by Genna Rivieccio
The Olympian blew through town right after Rio. Though Italian, he was not as good-looking as someone like Fabio Fognini, but he was somewhere in the aesthetic realm of Gregorio Paltrinieri. It was thus that Roberta Mondrian, a wispily nondescript cafe worker/writer paid him no mind upon his entry into the misleadingly named Taxidermy on Church Avenue at a time of day when people are generally not thinking about coffee anymore, but have, instead, moved on to alcohol.
And, at first, she had no idea who he was. The familiarity of his face could easily be chalked up to the everyone is everyone syndrome so succinctly elucidated in American Psycho. But then, a chance recap of the Olympian winners in, of all things, volleyball, on the small TV on the counter in the back while she was making a fresh pot of coffee made her realize quickly who he was: Andrea Zetti, curly black locks and all. In spite of this revelation, it wasn’t as though someone of a movie star caliber had walked in. He wasn’t as exciting a prospect as someone like Chris Pine. Roberta could contain herself, continue to act as though he was nobody, which is, in truth, what everyone is when you get right down to it.
As she poured him the coffee he had asked for in a mug with an image of a beetle on it, he asked, “What do you do here in New York?”
Considering she was technically performing her “profession” at this very moment, she was both flummoxed by and grateful for the inquiry, one that assumed her existence wasn’t founded upon serving. Thus, she offered, “I guess I write.”
“Like Carrie Bradshaw?”
“That’s kind of a dated reference. And I’d like to think my analysis of the male species consists of more than merely asking random and unanswerable questions about them.”
He smiled. Maybe his English was worse than she thought.
“That’s nice. It must be nice to be a creative person.”
“It’s really not. In fact, it’s hell on earth. Slaving away at some job that has nothing to do with your interest, your ‘talent,’ all the while hoping that somewhere and some way down the line you’ll be able to ‘make something’ out of it.”
Andrea took a sip of his coffee. “That’s not very positive thinking. I can see why you’re not an athlete.”
This was the moment when Roberta could act as though she had no idea why he would bring up athleticism or use it as her “in” to bring up his recent Olympic win. She opted for the former.
“What does ‘athleticism’ have to do with it?” she offered faux innocently.
Andrea eyeballed her up and down in disbelief. “You haven’t seen me before?”
Now that he was reacting this way, Roberta was pleased with her decision to feign not knowing who he was. Honestly, what gall for him to assume that the whole world watched the Olympics with bated breath and unmarred interest.
“No, I can’t say I have.”
She thought his jaw might fully drop, but he took a sip of his coffee to distract himself from the shock of being “unknown.”
“Who are you?” Roberta continued, as a way to further undermine his so-called stature.
“Oh, no one in particular. I do sports.”
“Really? What’s your specialty?”
“An Italian volleyball player. That doesn’t sound quite right.”
He chortled. “Well, that’s my skill. I’m a Northern Italian. It’s different than the kind of Italian you are thinking of.”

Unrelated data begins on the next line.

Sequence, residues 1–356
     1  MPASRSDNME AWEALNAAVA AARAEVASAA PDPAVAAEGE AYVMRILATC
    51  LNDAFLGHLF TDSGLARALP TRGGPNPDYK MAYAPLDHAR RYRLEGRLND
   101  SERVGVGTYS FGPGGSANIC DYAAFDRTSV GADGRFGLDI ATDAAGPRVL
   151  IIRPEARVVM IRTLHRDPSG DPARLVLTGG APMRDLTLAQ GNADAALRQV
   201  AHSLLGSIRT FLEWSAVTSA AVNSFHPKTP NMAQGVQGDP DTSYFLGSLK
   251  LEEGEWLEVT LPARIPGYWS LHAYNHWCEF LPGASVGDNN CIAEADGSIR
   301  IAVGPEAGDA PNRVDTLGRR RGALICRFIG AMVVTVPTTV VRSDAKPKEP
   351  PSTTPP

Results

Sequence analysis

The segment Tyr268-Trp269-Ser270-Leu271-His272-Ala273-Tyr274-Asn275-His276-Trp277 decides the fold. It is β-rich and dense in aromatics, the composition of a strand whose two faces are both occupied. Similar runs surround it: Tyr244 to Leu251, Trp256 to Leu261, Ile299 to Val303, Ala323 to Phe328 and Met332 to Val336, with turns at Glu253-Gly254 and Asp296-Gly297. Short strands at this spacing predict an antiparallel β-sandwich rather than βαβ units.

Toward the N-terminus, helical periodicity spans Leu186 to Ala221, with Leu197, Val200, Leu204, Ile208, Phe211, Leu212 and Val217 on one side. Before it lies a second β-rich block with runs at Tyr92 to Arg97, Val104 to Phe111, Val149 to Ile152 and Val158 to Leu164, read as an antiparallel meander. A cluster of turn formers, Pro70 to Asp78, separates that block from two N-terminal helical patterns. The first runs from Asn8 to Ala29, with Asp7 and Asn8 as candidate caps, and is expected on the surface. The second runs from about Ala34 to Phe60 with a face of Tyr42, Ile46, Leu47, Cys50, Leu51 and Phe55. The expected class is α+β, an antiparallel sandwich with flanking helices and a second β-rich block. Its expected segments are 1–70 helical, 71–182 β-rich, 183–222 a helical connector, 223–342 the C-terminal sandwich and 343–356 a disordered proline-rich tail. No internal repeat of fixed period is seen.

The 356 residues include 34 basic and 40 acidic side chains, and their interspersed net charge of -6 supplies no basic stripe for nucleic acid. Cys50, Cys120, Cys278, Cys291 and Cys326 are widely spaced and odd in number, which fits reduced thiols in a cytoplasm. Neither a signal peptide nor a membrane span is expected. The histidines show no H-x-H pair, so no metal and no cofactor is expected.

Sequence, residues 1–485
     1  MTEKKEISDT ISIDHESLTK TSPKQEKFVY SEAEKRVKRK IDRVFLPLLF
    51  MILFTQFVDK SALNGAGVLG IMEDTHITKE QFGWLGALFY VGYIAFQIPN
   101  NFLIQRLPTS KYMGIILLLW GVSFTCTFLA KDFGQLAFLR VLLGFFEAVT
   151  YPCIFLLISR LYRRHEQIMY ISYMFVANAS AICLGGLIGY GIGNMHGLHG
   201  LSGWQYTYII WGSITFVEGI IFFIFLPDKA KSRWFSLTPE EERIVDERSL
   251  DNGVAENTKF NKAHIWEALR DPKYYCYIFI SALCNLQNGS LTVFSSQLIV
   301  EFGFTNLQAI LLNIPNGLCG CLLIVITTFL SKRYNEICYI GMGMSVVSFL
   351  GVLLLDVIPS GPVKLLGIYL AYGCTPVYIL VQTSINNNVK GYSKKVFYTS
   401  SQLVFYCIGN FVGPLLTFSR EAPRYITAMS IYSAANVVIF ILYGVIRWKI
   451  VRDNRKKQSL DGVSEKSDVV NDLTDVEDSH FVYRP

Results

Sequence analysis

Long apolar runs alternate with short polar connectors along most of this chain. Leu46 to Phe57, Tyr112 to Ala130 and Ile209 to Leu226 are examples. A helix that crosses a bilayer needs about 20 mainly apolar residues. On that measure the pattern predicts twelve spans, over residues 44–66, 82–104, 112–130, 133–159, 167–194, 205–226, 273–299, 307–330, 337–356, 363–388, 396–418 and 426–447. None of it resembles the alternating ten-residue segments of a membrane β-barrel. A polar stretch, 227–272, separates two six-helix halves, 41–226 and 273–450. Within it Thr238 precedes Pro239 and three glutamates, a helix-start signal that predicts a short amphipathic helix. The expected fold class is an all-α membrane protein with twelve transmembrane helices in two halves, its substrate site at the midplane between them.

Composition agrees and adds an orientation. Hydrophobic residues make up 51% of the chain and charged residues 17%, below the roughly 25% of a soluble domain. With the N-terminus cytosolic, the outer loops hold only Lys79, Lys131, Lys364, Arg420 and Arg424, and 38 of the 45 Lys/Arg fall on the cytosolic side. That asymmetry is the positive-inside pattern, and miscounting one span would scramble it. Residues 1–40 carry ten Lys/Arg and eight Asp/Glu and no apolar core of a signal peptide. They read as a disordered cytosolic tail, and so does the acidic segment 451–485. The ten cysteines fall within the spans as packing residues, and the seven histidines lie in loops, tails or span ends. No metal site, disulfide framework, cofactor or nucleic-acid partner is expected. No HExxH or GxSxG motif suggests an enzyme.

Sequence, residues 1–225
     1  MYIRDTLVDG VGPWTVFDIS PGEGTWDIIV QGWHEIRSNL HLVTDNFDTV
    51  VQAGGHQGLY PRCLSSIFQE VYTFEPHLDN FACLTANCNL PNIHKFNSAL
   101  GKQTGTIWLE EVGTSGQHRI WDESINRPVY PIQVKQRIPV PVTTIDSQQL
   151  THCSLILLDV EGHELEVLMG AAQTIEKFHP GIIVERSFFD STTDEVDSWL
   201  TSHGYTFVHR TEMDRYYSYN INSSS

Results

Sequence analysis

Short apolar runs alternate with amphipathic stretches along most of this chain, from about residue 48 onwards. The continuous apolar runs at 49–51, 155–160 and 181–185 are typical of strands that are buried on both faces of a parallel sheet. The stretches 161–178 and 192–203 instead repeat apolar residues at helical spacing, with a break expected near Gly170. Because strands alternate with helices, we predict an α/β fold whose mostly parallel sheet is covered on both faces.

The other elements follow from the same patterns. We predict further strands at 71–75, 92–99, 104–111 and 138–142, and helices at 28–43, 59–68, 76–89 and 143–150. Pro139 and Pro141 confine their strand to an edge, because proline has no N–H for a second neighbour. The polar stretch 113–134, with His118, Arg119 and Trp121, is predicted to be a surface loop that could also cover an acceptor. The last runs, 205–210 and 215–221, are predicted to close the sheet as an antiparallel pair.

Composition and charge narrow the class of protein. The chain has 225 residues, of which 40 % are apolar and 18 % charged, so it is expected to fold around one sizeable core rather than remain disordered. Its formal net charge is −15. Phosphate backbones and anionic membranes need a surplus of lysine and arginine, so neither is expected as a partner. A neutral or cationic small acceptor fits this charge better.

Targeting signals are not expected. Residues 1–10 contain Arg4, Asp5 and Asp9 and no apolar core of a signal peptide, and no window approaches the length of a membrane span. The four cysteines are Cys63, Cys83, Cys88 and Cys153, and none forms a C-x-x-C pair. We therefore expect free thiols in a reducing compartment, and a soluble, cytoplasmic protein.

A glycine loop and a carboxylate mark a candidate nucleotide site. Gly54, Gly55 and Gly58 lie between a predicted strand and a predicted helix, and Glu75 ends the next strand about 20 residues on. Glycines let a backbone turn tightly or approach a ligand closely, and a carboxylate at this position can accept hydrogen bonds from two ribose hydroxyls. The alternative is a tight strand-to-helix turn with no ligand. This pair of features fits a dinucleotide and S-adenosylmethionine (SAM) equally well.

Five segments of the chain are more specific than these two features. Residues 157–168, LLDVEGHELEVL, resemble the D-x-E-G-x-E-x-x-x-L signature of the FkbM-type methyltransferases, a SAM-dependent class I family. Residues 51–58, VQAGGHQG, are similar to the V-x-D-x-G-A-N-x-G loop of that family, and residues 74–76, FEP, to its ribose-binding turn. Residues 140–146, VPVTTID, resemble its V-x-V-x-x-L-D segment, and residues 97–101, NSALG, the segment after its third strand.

“Sounds like you’re being a little prejudiced against your own kind, but all right.”
“The Southerners are not ‘my kind.’”
Roberta didn’t want to further press the issue, marveling at how every country seems to possess a remarkable divide between North and South, one always assuming the other faction is better. Rather, she reminded Andrea, “We’re closing in ten minutes.”
This information seemed to sadden him. “Where should I go around here?” The hint of innuendo in the query was arousing to Roberta, though she tried her best to appear nonplussed.
“I don’t know. Do you drink?”
“No. That’s why I’m in a coffee shop called Taxidermy at 6:50 on a Friday.”
“I might have known.”
He chugged the remaining contents in his beetle mug. “I’m staying on the Upper West Side.” He pulled out a business card and slapped it on the table. “Maybe you’ll meet me later.”
With that, Andrea was gone, leaving the proverbial volleyball in her court.
As she locked and shuttered the door behind her, Roberta mulled over the notion of contacting Andrea, of laying yet another claim to having sex with someone mildly famous, usually those who came into Taxidermy did so because Kensington was just remote enough to be off the beaten path of Prospect Park. The attraction she felt to those who orbited the periphery just beyond true greatness was something she often analyzed while slinging pastries and coffee grounds. Clearly, it must be a reflection of her own inability to reach something beyond the everyday, the menial–her existence a mirror of so many other men and women’s quiet desperation to strive toward something else, but never exactly breaking free from the chains of the cycle.
Walking down the darkened sidewalk back to her nearby apartment, she glanced once more at the business card with the foreign +39 country code affixed to the beginning of his number. She wasn’t going to go through the effort of contacting him. Maybe it was enough simply to know that he would have fucked her. And surely, that’s something her self-esteem could coast on for awhile–certainly it was more of a boon to her confidence than it would have been to actually have to wake up next to him the following morning, only to be shuffled out and have awkward, false promises made about future plans that, like her writing career, would never come to fruition.
Genna’s work has appeared on Gothamist, Brooklyn Magazine, PopMatters, thosethatthis.com and Queen Mob’s Tea House, among other publications. She is the editor-in-chief of the Brooklyn-based literary magazine The Opiate.